When Ducati introduced the Ducati 916 in 1994, the motorcycling world was awestruck. After the functional styling of the 851 / 888 range the feminine swoops of the diminutive 916 instantly made every other motorcycle ugly. The Ducati 916 was simply gorgeous. Except for every single one they sold in Australia.
The new Ducati combined some features which went on to become signature elements of the brand, most notably the single sided swing arm, under-seat mounted mufflers and twin, side by side headlights that looked like the 916 had eyes.
Which was a problem for the Australians. The Australian market has its own Australian Design Rules that regulate cars and motorcycles and one of them stipulated symmetrical beams in bikes that had two headlights.
In English this means that both of the lights had to have both a high and a low beam. The problem was that the Ducati 916 (and the 748 too) had the low beam in one light with the high beam in the other. To be legally sold, the local importer had to convert the bikes to a single, square, butt ugly light that pretty much perfectly ruined the looks of the entire bike.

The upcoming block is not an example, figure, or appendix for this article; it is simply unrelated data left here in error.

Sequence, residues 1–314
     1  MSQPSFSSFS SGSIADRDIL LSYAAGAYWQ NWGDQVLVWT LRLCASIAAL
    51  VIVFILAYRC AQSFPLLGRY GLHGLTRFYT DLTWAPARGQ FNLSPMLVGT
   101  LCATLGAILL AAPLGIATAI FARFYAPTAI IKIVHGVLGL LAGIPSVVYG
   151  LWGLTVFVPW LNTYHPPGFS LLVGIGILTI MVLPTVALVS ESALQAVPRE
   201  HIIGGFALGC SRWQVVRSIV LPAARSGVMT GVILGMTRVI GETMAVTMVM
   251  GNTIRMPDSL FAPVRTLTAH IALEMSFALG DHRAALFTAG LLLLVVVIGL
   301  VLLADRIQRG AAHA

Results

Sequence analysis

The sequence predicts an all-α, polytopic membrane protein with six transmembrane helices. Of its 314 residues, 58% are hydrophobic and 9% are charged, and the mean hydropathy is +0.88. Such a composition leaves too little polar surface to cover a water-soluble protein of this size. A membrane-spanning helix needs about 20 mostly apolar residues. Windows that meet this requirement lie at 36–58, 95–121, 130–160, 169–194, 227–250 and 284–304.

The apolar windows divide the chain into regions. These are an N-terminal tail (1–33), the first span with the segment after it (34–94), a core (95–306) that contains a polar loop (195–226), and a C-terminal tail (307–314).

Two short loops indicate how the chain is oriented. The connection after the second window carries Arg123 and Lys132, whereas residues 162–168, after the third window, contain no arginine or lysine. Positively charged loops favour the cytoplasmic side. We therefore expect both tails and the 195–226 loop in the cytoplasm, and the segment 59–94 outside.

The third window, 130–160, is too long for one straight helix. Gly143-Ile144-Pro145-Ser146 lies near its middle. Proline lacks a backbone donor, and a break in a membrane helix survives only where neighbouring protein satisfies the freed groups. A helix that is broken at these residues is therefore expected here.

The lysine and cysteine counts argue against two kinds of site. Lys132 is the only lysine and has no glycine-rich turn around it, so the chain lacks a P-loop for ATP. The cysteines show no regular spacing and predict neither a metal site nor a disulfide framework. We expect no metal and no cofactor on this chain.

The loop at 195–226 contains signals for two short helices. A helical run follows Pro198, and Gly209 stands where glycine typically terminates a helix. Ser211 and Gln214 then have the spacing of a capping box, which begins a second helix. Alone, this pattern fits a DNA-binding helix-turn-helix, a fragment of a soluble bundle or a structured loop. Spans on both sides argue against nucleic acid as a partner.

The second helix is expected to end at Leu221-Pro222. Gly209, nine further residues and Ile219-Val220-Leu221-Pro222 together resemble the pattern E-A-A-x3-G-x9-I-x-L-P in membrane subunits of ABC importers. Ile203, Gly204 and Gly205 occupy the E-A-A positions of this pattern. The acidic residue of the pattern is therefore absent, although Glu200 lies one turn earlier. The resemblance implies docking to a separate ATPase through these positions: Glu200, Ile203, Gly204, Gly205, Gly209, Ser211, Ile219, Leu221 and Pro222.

New owners could also purchase the original light assembly and refit it at their own risk. Almost everyone did. When I lived in Australia, I never saw one of these eyesores. The problem persisted for years and was resolved only when for the 996 model, Ducati deigned to fit symmetrical beams as standard. That looked so much better as you can see below.
Photographer Phil Aynsley shot these photos back in the day when the bikes were new. We wouldn’t be surprised if he cracked a lens or three. You can check out the full damage over at his site.